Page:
Knowing how to ask for a raise in writing is a valuable skill that will help you feel comfortable approaching leadership to ask for your desired compensation. While you may want to approach your boss to discuss salary in person, it’s important you also know how to compose a salary increase letter. Here are several tips on how to ask for a raise in writing.
Related: How to Talk About Salary in a Job Interview
Why should I ask for a raise in writing?
There are many benefits to drafting a salary increase letter, even if you still decide to have a conversation with your boss in person. Here are three reasons you should consider putting your request in writing:
- It will help you prepare your talking points.
Putting your salary request in writing will help you organize your thoughts and create persuasive arguments for why you deserve a pay increase. By listing your various accomplishments and experiences in writing, you can help yourself prepare for any future conversations on the topic and ensure you don’t miss any vital information.
- It will help you and your boss feel more comfortable.
Putting together a case for why you deserve a raise will ensure your supervisor has plenty of time to review your points and bring the appeal to any senior personnel for approval. Submitting a letter with your reasoning is better than surprising your boss with a request they may not be expecting or fully prepared to address.
- It will provide formal documentation.
When an important decision is made, it’s a good idea to have documentation of the agreement (or disagreement). If you are granted a raise from this conversation, you’ll be able to share this paper trail with your company’s human resources department to make sure the change is reflected in your pay as soon as possible. If you’re denied a raise, you can use this letter or email as the basis for a future conversation.
What should I include in a salary increase letter?
Before you begin composing your salary increase request, take some time to gather a few key pieces of information. Having these three details may increase your likelihood of getting a raise:
- Specific achievements and accomplishments.
What have you accomplished throughout your tenure with the company? Make sure your achievements are specific and illustrate how you’ve provided value to the company. If possible, include exact measurements. For example, instead of saying “I Increased my number of sales in 2018,” say, “I increased sales by 25% year over year, leading to an additional $40,000 in revenue for 2018.” You should also include any new skills you’ve developed during your time with the business and any new or additional responsibilities you’ve taken on.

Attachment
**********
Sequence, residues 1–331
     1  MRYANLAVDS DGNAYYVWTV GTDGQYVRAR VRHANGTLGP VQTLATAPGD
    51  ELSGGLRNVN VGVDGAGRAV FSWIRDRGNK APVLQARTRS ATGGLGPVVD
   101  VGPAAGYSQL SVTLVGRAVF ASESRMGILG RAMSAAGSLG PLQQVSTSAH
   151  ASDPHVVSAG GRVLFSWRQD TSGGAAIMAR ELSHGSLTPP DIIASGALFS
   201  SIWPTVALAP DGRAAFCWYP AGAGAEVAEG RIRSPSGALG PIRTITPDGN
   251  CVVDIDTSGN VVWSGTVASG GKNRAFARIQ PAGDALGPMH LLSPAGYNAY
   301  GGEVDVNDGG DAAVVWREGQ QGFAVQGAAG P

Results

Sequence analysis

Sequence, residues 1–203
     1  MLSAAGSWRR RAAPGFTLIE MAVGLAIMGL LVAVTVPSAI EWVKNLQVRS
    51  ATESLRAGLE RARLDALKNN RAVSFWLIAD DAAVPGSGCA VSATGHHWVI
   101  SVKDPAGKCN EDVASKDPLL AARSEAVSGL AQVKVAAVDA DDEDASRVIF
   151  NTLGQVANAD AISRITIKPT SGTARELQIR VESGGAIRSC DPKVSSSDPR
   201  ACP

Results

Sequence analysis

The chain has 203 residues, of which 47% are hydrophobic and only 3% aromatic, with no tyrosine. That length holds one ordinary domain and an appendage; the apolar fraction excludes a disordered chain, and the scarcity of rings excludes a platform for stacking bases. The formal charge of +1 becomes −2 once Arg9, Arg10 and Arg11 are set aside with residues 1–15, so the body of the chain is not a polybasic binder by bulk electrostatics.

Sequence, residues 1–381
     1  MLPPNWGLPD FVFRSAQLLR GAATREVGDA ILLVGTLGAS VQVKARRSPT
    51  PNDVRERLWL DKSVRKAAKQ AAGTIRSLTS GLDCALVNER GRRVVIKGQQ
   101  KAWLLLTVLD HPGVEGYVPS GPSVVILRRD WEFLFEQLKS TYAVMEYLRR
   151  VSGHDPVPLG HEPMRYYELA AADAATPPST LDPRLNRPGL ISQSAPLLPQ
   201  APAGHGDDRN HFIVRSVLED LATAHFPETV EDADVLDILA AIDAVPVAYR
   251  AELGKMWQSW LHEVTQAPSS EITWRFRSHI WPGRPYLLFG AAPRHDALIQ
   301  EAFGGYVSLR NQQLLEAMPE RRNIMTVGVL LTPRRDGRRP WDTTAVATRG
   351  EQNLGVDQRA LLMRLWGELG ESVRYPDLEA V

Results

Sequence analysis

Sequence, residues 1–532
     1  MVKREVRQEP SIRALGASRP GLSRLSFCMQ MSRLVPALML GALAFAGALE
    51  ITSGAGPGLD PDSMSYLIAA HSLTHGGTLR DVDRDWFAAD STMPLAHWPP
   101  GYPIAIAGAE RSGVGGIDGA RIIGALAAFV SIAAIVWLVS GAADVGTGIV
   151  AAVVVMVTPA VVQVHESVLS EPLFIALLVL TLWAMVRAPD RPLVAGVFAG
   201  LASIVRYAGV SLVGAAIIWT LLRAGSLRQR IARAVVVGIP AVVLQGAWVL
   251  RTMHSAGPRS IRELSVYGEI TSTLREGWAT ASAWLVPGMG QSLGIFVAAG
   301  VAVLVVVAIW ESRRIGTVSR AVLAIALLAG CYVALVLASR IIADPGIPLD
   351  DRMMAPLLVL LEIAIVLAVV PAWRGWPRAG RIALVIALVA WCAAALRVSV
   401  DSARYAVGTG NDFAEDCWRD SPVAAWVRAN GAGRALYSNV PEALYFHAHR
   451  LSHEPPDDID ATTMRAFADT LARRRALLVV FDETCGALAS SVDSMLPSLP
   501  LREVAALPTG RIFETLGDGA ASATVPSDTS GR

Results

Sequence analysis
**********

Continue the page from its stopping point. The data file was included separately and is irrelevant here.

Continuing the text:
- The exact raise (dollar amount or percentage) you want to receive.
It is important to come prepared with the salary increase you desire to appear prepared, alleviate confusion and make the process as quick as possible. Use Indeed Salaries to find out the average salary for your position, experience level and city to define an appropriate asking amount. For example, if you’re still in the first few years of your career, you may not yet be eligible for a senior level salary.
- Gratitude to the company for acknowledging your request.
Always take a moment to thank your boss and the organization for the opportunities they’ve provided and for taking the time to consider your request.
Related: Guide: How to Ask for a Raise
Example of how to ask for a raise in writing
Here is an example of how you might submit a raise request via printed letter or email:
Thank you so much for the opportunities you’ve provided me during my time as a sales executive for ABC Company. Over the past two years, I’ve grown significantly as a professional, deepened my understanding of the industry, improved my skill set and taken on many new responsibilities. For these reasons, I would like to request an adjustment to my salary.
As you are aware, my salary has remained the same since January 2017. Since then, I have accomplished the following:
- I’ve consistently met my monthly quota, and exceeded my goals for the past three quarters.
- I’ve increased personal sales by nearly 20% year over year, adding $500,000 in revenue.
- I’ve completed all senior sales certifications, including those not required for my job level.
- I’ve successfully trained and mentored six new junior sales representatives.
I would like to request a base salary increase of 5%, which is in-line with the average salary for a sales executive with my level of experience in our geographic region.
If possible, I would like to meet to discuss my request in person. I am happy to work with you to accommodate this request and am open to negotiation. Please let me know when would be best to talk through further.
When asking for a raise in writing, it’s important to be thorough but concise and use formal language—even if you’re typically more casual with your boss—as this letter may be shared with senior leadership for approval. By using a professional, confident approach with the tips above, you’ll be more likely to get the raise you want.